Extract from an Interview with John Williams (from Total Film Magazine-1997):
You've composed hundreds of hours worth of film music; where do you get the ideas?
John Williams: Writing a tune is like sculpting. You get four or five notes, you take one out and move one around, and you do a bit more and eventually, as the sculptor says, "In that rock there is a statue, we have to go find it". There's a story that says it all. Paul Hindemith, the brilliant German composer, was offered the chair at Yale University as the Professor for Composition. He turned it down. Then they offered him the chair of Professor of Music Theory, which he took. So they asked him why, and he said, "I can teach music theory. But only God teaches composition." […]
You [just] mentioned Schindler: did you write the music at the same time you scored Jurassic Park?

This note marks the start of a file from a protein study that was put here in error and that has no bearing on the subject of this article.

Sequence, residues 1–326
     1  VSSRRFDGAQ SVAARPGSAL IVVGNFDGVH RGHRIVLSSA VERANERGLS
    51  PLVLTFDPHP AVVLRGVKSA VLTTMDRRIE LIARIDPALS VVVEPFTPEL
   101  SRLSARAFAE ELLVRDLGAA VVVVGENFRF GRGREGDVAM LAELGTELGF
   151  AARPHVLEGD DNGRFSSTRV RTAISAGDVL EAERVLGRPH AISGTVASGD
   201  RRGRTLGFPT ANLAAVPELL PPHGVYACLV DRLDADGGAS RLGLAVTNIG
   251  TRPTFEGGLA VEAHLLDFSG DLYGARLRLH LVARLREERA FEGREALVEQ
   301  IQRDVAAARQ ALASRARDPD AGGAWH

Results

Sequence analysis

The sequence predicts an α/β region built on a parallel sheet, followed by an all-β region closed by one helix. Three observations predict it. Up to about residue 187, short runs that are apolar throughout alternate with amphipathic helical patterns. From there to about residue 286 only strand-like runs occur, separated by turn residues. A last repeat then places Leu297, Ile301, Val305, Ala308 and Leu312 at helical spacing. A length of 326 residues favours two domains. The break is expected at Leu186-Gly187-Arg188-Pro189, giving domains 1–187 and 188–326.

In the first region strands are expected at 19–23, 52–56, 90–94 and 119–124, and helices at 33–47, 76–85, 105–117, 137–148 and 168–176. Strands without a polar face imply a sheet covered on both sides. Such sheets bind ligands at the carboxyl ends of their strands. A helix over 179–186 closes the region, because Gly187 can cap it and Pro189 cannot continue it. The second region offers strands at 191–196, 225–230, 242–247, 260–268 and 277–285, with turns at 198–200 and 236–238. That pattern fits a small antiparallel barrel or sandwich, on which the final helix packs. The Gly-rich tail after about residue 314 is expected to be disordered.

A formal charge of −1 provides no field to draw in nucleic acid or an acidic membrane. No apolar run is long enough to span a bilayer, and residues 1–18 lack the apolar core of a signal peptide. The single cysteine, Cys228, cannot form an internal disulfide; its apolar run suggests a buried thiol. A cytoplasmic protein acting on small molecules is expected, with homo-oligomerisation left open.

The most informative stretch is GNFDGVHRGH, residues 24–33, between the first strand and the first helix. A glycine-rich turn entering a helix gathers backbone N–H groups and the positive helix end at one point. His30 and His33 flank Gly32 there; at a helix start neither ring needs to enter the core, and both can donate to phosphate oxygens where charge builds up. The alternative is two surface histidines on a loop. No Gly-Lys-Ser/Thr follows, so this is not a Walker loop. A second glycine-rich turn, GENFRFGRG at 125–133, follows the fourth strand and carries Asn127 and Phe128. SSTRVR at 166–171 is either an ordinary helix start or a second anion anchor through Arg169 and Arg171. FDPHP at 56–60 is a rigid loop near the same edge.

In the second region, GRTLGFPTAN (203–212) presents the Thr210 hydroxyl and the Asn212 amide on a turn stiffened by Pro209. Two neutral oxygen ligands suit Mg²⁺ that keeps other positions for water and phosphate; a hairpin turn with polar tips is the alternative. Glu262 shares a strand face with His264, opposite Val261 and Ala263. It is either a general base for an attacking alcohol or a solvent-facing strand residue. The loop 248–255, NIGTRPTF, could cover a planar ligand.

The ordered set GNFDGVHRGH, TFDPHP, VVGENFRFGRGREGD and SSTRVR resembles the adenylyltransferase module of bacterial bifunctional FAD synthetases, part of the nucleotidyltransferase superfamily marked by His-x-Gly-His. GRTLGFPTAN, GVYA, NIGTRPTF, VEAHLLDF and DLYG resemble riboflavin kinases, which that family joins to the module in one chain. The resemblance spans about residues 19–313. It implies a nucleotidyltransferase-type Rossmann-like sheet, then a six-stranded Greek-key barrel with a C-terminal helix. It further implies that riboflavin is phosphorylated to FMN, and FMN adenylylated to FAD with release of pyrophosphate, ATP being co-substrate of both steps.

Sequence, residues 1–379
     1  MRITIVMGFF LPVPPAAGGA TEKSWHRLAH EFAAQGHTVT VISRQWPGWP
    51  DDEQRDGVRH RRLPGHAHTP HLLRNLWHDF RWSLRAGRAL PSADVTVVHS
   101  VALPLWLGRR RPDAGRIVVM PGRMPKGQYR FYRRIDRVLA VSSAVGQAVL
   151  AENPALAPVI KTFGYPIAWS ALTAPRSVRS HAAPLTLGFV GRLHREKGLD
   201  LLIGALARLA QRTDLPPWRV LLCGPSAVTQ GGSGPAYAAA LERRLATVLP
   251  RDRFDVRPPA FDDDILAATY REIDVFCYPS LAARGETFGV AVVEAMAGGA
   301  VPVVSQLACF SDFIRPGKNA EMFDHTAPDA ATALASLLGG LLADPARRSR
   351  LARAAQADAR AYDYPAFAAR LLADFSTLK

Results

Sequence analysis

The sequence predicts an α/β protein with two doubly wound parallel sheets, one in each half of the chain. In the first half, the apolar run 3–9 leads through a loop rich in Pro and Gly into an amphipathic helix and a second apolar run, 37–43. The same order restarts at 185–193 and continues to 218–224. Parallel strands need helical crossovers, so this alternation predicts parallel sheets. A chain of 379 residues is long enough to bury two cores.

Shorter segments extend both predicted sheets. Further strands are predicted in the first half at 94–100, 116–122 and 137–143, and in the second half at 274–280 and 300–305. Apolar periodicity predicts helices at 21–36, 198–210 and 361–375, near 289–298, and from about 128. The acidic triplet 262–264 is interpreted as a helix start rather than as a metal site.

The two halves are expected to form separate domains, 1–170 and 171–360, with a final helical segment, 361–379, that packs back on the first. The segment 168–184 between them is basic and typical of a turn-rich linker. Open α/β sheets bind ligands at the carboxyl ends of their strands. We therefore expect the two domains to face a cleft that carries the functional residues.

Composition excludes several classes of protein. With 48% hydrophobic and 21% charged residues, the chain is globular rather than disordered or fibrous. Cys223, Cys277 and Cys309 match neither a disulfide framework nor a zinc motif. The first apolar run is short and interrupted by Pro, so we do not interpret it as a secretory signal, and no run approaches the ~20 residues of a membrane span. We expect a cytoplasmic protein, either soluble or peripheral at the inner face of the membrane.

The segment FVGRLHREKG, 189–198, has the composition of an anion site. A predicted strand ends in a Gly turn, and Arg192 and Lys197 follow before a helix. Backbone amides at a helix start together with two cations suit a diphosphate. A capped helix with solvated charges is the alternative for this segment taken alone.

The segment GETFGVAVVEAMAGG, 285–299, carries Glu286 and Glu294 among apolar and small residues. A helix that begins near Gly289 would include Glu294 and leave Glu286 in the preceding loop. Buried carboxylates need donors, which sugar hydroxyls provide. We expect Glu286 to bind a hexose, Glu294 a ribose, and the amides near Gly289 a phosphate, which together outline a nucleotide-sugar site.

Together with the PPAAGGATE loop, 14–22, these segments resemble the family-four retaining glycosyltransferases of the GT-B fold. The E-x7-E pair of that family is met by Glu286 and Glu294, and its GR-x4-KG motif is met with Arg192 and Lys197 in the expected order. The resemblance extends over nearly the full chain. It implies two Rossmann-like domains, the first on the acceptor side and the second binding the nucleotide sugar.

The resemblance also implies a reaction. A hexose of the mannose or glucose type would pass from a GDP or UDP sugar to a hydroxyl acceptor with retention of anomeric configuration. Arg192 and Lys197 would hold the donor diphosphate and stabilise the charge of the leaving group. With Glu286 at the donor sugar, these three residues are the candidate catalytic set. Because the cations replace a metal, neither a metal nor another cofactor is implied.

John Williams: They were separated by a couple of months. Jurassic was a spring assignment and I composed Schindler at Tanglewood during the summer while conducting the Boston Pops. I loved Schindler for many reasons, not least of which was that it was an absolute contrast to what I had been doing all spring. The biggest problem in Hollywood, and the British film industry, is that you get typecast. If you do comedies, then you can spend your entire career doing nothing but that. It was a fantastic opportunity for music, but the procedure was so completely different. Jurassic Park has a 90-minute score. It pumps away all the time. It's a rugged, noisy effort - a massive job of symphonic cartooning. You have to match the rhythmic gyrations of the dinosaurs and create this kind of funny ballet. It couldn't be more different from Schindler's List, which was a fantastic opportunity for music and a singular honor for me.